Well, I do get to hear music live often enough to remember the sound in broad terms - while recording it, if not otherwise. The super exact memory of any specific violin, piano etc is rather short lived - general impression regarding say strings, woodwind, brass, kitchen department (percussion) etc - is not.
Floats are different beast than normal headphones; they are the original ear speaker in the true sense of the word. Although I do not doubt they can be measured, I doubt they can be measured with sufficient statistical accuracy or averaging of the (numerous) result(s). What is simply not understood well enough is the fact there are no pads to alter our natural hearing as with almost any other headphone ( most notable exception is AKG K 1000 ) .
So far, I have not seen a measurement that would produce a graph to show just how much do pads of a certain phones under test alter our hearing - that graph would be the most relevant to the perceived SQ if the transducer itself is assumed to be "perfect".
It is sad to see Michael from Germany doing such disfavor to a valid transducer with fervent claims of it being #1 Uber Alles, hype, etc, etc. No, I have not heard the new Jecklin QA - but they would trully have to mess things up pretty badly to take away the prime charm and allure of the Float - that is to say the reproduction of the acoustics music was recorded in. I have not have yet had the privilege to hear Stax 009 - yet I can say it can never be a match for Float regarding soundstage. And vice versa - Jecklin would never be able to match the bass from any Stax. They are different designs, totally different concept, only thing in common is electrostatic principle of operation. They can not be directly compared - certain type of music and recording techniques will favor one or another on sample to sample basis.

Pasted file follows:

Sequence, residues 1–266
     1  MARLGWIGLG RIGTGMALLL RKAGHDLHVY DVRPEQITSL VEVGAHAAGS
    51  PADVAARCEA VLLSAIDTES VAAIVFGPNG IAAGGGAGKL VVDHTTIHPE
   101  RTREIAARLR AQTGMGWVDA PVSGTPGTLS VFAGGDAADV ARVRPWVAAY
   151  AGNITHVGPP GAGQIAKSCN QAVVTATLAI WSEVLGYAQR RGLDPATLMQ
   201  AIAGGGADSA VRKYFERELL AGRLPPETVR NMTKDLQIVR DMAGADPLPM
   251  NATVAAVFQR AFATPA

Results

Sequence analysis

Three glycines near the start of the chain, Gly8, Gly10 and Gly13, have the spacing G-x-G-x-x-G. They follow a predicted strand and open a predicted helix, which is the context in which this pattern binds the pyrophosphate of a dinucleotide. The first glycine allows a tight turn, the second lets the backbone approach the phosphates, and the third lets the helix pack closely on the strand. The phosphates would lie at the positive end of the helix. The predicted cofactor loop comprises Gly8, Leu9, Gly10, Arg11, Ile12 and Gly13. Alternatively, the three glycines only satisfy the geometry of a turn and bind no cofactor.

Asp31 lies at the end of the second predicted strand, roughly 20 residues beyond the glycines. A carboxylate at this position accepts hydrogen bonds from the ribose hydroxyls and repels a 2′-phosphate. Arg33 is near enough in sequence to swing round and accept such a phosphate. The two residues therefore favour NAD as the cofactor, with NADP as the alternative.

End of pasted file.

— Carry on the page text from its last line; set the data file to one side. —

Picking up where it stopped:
For the most important part of the frequency band we hear, the midrange, Float with its lack of earpads does have advantage over any padded headphone. It is not as sucessful at acoustically dissapearing as AKG K 1000 - one can hear Float when worn on head with no musical signal propadated through it - the enviroment does get changed from that of zero on your head. The difference between the old Precide produced Float and new QA version in this regard should be minimal, if any. Both will be worse than K 1000 and better than anything else.
Make or break in electrostatics is not the transducer itself ( it is very near perfection, at least in the midrange ) but "electrics". Precide produced transformers left much to be desired, to remain polite about it. Bass was particularly poor, the louder and lower the signal , the worse performance from transformer, compounding the already compromised bass performance of the transducer even further. Properly driven Float is no bass champ, but can hold its own well enough. Hope QA version of transformer is significantly better than what went on before. If I understand it correctly, they drive it with Quad 405, an amplifier that has, despite being around for ages, yet to gain full recognition by public at large. It has been designed to drive electrostatic speakers and smaller "ear Quads" are electrically very similar load. 405 is quite special if upgraded properly. Taken together, It can be a good start for QA.
Once you try Float for at least a weekend time, it should be clear comparing it to Stax or anything else is apples and oranges - only way to determine what suits you best is to listen by yourself. It is unique sound, not achievable by anything requiring pads. How much has QA improved upon Precide produced original remains to be seen/heard.
And yes, more often you do get to hear the sound live, more chances there are to embrace Float in the end.